Dismantling public values, one data center at the time

written by Julia Velkova

AWS data center in Katrineholm, Sweden, October 2023. Besides lacking signage, this data center is the largest electricity consumer in the town, taking 1/4 of the capacity of the grid. Photo: Julia Velkova

Are the Nordic states too reliant on tech giants to sustain the critical communication infrastructures of the welfare state? This was the question that gathered Nordic government officials, policy makers, media industry and scholars last week in Stockholm. The discussion exposed how the Nordic states are letting go of values and infrastructure resources that are dear to the welfare state – from shared access to public resources to democratic values and universal access to communication and electricity – while intensifying digitalization and dependencies on Silicon Valley companies. The meeting also made apparent the need to create different relations between data giants, local municipalities, and basic societal infrastructure. Big Tech data center developments are exemplary of the problems that these dynamics generate, and the societal stakes at them.

A decade ago the Swedish government stated that “we are open for business” and welcomed Big Tech companies to build their data infrastructures in the country. Today, the Nordics host some of the largest data center facilities in Europe. Just think of Google and their largest European data center in Hamina, Finland or Amazon Web Service’s data center complex stretching across three towns in the county of Sörmland in Sweden – in Katrineholm, Västerås and Eskilstuna.

Map of the existing AWS data center in Katrineholm (lower yellow area), and of its ongoing extension in the town with several more data centers. The map gives one idea of the scale of what many think is immaterial, placeless “data” and “AI”. In practice, it is quite a significant occupant of space and electricity in the town. Image and drawings: Flora Mary Bartlett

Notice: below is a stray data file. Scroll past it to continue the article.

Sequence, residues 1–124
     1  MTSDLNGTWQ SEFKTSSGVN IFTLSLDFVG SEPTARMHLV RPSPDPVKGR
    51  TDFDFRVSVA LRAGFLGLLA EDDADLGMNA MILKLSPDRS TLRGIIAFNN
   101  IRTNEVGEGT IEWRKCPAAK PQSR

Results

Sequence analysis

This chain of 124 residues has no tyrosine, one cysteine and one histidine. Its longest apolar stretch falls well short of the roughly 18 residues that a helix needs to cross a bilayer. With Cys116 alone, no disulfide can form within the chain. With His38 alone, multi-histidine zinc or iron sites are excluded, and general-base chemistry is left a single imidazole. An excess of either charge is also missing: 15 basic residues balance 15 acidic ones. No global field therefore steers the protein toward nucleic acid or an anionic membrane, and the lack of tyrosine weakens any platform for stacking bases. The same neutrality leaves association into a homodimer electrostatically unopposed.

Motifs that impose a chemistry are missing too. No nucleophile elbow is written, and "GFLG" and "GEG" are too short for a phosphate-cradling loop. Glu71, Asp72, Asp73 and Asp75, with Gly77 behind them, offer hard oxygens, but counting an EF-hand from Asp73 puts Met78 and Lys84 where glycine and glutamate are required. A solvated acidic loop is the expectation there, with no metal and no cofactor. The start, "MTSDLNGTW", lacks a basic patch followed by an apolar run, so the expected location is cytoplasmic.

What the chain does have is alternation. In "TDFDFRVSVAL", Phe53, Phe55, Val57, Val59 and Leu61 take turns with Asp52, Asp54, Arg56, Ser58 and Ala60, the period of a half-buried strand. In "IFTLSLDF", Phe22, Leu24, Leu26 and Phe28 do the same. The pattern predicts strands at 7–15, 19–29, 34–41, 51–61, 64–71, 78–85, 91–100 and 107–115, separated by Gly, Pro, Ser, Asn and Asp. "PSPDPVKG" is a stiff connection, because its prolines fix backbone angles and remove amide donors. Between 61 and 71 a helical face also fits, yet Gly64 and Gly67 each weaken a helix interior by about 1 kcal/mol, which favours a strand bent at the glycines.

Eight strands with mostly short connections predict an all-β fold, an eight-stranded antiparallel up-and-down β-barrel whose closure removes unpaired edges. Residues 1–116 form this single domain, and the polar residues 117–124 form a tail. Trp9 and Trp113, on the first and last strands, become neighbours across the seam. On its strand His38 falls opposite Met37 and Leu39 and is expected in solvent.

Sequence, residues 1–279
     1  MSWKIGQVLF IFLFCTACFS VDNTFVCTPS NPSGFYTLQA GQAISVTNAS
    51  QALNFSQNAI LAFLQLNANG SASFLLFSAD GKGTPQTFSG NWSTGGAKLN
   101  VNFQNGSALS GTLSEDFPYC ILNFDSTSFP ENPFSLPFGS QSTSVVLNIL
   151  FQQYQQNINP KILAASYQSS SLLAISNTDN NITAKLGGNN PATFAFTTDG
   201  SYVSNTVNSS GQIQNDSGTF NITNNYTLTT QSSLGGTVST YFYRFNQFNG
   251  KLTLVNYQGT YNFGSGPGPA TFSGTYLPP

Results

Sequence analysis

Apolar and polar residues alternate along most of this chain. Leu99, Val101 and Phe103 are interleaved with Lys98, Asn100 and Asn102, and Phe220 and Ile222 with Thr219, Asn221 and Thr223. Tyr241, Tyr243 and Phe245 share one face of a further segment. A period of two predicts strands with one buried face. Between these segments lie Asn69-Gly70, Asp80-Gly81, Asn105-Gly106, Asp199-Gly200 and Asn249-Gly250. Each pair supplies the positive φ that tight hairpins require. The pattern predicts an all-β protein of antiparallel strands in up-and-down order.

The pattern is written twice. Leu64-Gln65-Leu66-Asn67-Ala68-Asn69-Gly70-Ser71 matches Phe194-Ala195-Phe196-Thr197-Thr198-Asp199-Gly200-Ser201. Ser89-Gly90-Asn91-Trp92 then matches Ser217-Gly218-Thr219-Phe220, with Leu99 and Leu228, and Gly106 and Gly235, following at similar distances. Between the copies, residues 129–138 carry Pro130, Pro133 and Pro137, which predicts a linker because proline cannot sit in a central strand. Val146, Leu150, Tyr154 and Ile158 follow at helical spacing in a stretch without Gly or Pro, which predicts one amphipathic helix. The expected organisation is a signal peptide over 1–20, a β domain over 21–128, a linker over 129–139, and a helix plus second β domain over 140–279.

These establishments have been possible because of the well developed and affordable infrastructure networks in the Nordics. Electricity, water, and communications are equally open and affordable for businesses and citizens. This is a quality and public value that has been an essential part of the idea of building the welfare state and the Folkhemmet.

The infrastructural properties of the Folkhemmet are often taken for granted, and not in need of protection. Yet, the public values of openness, affordability of connection and universal access to infrastructure can make societies susceptible to developments that not only undermine public values, but can create  problems that we are not prepared to handle. While Big Tech leverages existing public infrastructures, the promises of progress might turn out to be limiting of local development. If we do not take this seriously, tomorrow we might not have lost only public values of the welfare state, but also access to much of the basic infrastructures which we rely on – like electricity, local economies and the trust in our own institutions.

Pressured electricity grids and the limits of local development in the global backyard of AI